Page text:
Students want to know: Are there tunnels beneath Chatham’s Shadyside campus?


An old photograph on a postcard depicts Mellon Hall. Photo Credit: Chatham University Archives

Madalena Filosemi

One of Chatham University’s most distinguishable assets is its historical Shadyside campus, consisting of Victorian-style buildings that give students an air of “familiarity, a level of comfort and inexplicable warmth,” said Samantha Whitman, a former student who left the University in 2019.

Since being chartered as Pennsylvania’s Female College in 1869, there have been countless documents, such as architectural drawings, that provide students with more insight to the inner workings and layout of Chatham’s unique structure.  

With this rich history, there is a collective curiosity of the unknown realms of the campus that fail to be shown in photographs or sketches. 

Kiserian Spence ‘22 said when he was a first-year student, he overheard other students speaking about hidden underground tunnels connecting the Mellon Center to other surrounding buildings. 

“At first I thought they were just rumors, but after a buildup of multiple people insisting that there were mysterious pathways to other parts of the campus, I had to see for myself,” Spence said.

On a late night in March 2019, Spence and four friends gathered to inspect different areas of the Mellon Center, starting on the first level and working their way down to the back of the boardroom. 

“We initially didn’t stumble upon anything of interest, but once we searched around the Mellon boardroom, we noticed what looked to be an open maintenance closet with a covered, locked door behind it,” Spence said.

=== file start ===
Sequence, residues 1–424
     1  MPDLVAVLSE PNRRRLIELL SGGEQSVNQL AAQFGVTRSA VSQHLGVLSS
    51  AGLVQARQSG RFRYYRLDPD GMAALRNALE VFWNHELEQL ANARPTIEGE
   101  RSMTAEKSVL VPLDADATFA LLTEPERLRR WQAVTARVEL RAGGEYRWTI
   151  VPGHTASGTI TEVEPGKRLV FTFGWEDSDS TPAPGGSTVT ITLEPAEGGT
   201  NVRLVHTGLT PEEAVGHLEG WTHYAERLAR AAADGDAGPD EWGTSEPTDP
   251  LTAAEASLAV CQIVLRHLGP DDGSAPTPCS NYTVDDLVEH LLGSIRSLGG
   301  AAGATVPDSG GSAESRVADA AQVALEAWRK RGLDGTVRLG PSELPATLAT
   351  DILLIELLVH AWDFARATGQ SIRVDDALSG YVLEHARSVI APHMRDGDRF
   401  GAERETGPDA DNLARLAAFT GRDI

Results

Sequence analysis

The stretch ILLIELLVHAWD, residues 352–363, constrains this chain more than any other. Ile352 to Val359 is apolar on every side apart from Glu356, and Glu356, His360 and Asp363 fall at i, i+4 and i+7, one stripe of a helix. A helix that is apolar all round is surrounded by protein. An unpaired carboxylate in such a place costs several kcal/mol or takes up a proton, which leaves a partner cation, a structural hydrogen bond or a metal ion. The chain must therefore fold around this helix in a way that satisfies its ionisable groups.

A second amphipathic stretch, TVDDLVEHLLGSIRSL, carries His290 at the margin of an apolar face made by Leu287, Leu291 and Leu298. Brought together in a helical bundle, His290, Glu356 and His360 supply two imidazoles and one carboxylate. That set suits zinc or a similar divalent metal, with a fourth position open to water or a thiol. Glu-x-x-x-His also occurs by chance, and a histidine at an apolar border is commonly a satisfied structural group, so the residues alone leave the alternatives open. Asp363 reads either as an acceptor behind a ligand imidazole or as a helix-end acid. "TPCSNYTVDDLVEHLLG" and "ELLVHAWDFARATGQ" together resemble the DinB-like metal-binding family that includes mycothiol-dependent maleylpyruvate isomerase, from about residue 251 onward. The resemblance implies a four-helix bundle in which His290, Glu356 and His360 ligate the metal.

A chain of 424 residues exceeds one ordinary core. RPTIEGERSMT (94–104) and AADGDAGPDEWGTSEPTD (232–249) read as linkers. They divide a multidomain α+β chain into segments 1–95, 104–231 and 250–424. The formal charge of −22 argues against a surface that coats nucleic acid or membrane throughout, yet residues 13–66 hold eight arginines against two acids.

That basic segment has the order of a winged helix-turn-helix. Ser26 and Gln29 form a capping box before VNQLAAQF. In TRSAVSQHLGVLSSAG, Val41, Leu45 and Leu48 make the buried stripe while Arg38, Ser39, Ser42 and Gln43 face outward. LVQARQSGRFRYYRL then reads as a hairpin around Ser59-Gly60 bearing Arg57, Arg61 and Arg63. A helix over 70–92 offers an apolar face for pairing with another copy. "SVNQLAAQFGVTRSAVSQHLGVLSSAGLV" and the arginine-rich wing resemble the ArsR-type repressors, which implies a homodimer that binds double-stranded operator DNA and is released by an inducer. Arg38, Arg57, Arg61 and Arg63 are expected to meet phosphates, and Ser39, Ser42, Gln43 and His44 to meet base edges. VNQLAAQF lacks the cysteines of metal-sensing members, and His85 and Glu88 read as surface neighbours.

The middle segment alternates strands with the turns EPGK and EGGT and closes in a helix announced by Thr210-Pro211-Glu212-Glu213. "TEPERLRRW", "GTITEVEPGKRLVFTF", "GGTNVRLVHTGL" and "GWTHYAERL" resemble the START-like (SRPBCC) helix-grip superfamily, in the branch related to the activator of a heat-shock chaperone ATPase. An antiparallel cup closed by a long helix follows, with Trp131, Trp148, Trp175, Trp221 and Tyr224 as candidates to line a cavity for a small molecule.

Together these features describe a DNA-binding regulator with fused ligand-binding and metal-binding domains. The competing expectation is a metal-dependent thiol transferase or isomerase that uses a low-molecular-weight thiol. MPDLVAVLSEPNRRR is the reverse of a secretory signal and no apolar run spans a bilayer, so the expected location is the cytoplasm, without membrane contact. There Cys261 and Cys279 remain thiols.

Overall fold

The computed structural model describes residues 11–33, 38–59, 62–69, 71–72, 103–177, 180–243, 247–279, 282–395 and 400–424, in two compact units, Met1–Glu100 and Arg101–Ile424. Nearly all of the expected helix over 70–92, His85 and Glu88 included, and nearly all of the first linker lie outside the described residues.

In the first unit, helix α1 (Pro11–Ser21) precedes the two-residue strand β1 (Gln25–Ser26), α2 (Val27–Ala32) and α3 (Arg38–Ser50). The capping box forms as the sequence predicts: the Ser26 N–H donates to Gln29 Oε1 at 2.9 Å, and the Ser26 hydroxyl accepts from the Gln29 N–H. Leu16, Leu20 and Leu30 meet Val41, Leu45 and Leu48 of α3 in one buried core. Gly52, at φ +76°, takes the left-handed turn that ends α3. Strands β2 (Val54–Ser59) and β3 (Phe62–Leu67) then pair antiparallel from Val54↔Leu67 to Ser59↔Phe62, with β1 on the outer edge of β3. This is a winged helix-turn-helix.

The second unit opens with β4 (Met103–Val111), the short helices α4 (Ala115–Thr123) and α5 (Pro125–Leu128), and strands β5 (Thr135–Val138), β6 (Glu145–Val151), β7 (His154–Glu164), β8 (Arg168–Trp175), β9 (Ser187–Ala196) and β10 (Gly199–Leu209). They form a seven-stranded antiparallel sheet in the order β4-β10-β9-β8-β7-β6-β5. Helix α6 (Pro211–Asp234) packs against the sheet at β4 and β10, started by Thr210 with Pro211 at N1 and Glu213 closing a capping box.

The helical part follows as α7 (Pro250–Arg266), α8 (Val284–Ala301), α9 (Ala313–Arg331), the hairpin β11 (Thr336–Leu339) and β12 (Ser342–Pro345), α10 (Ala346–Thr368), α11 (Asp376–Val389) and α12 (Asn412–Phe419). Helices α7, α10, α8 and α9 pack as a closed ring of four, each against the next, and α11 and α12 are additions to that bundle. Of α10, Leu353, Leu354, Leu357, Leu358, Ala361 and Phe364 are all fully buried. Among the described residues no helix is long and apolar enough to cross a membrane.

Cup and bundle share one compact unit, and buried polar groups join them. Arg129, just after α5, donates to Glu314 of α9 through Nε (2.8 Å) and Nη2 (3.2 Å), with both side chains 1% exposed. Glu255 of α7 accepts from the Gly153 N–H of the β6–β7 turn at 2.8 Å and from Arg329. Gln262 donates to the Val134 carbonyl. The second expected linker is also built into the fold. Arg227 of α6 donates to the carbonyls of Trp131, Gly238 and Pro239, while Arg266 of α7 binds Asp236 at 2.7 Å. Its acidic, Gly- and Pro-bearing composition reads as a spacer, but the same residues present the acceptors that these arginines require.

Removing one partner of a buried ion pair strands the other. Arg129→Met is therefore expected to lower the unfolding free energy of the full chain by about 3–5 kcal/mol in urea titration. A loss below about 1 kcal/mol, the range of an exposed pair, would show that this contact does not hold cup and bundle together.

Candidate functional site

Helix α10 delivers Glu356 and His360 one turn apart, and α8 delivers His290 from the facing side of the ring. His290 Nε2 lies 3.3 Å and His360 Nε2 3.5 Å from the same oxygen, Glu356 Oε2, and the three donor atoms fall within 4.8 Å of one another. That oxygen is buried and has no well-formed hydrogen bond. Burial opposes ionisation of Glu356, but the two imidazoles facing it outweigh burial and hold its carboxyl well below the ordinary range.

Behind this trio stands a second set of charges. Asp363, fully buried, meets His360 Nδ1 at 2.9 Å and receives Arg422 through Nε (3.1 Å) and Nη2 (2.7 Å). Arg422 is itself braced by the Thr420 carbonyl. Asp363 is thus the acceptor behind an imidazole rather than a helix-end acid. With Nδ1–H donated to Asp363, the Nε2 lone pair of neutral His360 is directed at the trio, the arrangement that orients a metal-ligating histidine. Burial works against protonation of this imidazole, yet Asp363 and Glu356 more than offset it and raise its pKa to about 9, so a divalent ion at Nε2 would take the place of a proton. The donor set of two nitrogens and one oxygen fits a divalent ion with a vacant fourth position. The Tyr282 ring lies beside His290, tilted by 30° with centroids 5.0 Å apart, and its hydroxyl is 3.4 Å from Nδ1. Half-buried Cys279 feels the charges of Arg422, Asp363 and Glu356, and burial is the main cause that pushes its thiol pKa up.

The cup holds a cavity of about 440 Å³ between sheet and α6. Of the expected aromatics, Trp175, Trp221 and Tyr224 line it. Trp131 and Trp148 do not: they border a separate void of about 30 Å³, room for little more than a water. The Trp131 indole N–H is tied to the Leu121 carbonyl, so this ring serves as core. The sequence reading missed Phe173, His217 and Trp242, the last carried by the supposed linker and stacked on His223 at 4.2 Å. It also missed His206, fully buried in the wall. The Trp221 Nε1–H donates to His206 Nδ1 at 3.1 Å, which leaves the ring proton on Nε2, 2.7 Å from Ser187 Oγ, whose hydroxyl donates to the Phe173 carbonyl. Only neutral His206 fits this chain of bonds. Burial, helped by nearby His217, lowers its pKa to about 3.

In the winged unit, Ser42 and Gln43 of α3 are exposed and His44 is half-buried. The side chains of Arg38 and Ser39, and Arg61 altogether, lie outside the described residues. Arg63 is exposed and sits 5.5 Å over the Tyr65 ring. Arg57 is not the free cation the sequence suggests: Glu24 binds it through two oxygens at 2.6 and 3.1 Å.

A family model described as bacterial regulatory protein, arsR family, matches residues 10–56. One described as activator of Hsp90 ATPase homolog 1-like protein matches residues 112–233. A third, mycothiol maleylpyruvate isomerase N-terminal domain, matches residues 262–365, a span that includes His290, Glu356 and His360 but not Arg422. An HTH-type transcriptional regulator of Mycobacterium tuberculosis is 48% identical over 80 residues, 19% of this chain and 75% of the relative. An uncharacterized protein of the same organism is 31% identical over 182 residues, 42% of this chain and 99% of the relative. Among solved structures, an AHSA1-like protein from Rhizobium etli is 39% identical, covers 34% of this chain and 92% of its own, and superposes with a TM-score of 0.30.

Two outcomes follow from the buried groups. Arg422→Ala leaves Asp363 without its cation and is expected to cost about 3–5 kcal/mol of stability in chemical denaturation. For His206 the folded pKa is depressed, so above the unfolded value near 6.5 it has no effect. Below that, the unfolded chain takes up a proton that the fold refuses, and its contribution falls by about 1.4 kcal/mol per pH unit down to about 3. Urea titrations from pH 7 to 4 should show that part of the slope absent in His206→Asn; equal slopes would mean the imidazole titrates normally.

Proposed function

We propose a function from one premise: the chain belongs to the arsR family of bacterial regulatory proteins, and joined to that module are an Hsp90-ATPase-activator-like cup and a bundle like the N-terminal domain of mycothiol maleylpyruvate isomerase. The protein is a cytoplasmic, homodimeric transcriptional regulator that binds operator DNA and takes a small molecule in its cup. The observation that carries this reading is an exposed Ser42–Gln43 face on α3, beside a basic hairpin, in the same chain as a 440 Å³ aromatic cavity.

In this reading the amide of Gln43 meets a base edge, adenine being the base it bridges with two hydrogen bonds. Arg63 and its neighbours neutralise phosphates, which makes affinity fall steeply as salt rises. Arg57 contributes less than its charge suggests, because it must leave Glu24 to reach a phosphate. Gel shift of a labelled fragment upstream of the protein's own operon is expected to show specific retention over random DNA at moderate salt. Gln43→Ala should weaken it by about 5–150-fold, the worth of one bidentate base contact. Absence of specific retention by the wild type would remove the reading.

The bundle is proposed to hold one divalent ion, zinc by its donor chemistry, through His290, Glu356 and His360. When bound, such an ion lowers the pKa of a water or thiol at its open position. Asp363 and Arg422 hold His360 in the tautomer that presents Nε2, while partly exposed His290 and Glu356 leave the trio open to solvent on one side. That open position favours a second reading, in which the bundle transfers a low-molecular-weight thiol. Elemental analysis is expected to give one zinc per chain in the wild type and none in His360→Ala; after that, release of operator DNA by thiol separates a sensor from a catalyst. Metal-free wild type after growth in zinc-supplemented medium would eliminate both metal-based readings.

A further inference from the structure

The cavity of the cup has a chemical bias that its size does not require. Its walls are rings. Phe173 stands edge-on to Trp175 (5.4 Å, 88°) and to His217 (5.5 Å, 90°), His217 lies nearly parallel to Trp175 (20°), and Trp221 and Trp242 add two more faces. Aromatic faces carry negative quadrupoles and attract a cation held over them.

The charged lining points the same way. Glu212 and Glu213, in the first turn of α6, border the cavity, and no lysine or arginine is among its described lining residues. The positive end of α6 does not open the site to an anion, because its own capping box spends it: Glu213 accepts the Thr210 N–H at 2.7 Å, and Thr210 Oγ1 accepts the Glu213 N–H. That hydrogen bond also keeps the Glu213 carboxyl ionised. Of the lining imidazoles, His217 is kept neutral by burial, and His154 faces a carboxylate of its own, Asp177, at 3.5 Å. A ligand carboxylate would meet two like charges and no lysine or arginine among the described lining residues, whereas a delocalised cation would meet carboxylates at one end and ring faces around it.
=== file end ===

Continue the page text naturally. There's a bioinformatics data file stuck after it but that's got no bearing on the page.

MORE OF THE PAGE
Although Spence and his friends did not venture any further, he said that he had a “strange feeling that there was more behind that door” than those working at Chatham wanted to let on. 

With the lack of any written or physical evidence of the tunnels being present at the time of his excursion, Spence abandoned his search.

However, Chatham’s archive specialist, Molly Tighe, has recently discovered a pamphlet dated back to 1983 that supports these students’ theory.

The document reads that, in 1941, “Other family employees lived on the second floor of the Carriage House. A tunnel connected the house with the garage.” 

So, at one point, there were tunnels on campus. Maybe there are still tunnels beneath the campus today. 

If they do still exist, they have likely been sealed off to keep out any adventurous souls seeking answers to this spooky rumor-turned-fact. It’s possible that no one has entered them in decades. 

The tunnels hold the secrets of who passed secretly under this campus, preserved in time far below the modern-day buildings and advances. Their secrets may never be known, but what lies beneath the campus in those tunnels will remain part of the lore of Chatham.